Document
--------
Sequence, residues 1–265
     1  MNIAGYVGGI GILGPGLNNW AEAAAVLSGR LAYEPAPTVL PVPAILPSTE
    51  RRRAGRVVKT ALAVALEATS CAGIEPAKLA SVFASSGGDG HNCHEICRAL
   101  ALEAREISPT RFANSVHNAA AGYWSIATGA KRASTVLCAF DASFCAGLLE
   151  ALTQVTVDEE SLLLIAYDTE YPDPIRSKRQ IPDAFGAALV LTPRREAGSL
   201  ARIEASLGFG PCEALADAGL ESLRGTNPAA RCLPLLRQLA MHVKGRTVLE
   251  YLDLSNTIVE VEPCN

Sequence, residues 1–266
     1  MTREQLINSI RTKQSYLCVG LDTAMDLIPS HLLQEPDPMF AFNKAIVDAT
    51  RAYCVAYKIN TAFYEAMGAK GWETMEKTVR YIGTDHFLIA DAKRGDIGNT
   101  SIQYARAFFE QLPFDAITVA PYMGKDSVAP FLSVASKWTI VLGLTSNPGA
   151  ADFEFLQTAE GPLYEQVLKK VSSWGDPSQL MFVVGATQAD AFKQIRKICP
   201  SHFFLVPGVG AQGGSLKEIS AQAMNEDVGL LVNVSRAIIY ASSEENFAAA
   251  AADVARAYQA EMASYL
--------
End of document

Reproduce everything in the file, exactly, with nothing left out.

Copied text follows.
Sequence, residues 1–265
     1  MNIAGYVGGI GILGPGLNNW AEAAAVLSGR LAYEPAPTVL PVPAILPSTE
    51  RRRAGRVVKT ALAVALEATS CAGIEPAKLA SVFASSGGDG HNCHEICRAL
   101  ALEAREISPT RFANSVHNAA AGYWSIATGA KRASTVLCAF DASFCAGLLE
   151  ALTQVTVDEE SLLLIAYDTE YPDPIRSKRQ IPDAFGAALV LTPRREAGSL
   201  ARIEASLGFG PCEALADAGL ESLRGTNPAA RCLPLLRQLA MHVKGRTVLE
   251  YLDLSNTIVE VEPCN

Sequence, residues 1–266
     1  MTREQLINSI RTKQSYLCVG LDTAMDLIPS HLLQEPDPMF AFNKAIVDAT
    51  RAYCVAYKIN TAFYEAMGAK GWETMEKTVR YIGTDHFLIA DAKRGDIGNT
   101  SIQYARAFFE QLPFDAITVA PYMGKDSVAP FLSVASKWTI VLGLTSNPGA
   151  ADFEFLQTAE GPLYEQVLKK VSSWGDPSQL MFVVGATQAD AFKQIRKICP
   201  SHFFLVPGVG AQGGSLKEIS AQAMNEDVGL LVNVSRAIIY ASSEENFAAA
   251  AADVARAYQA EMASYL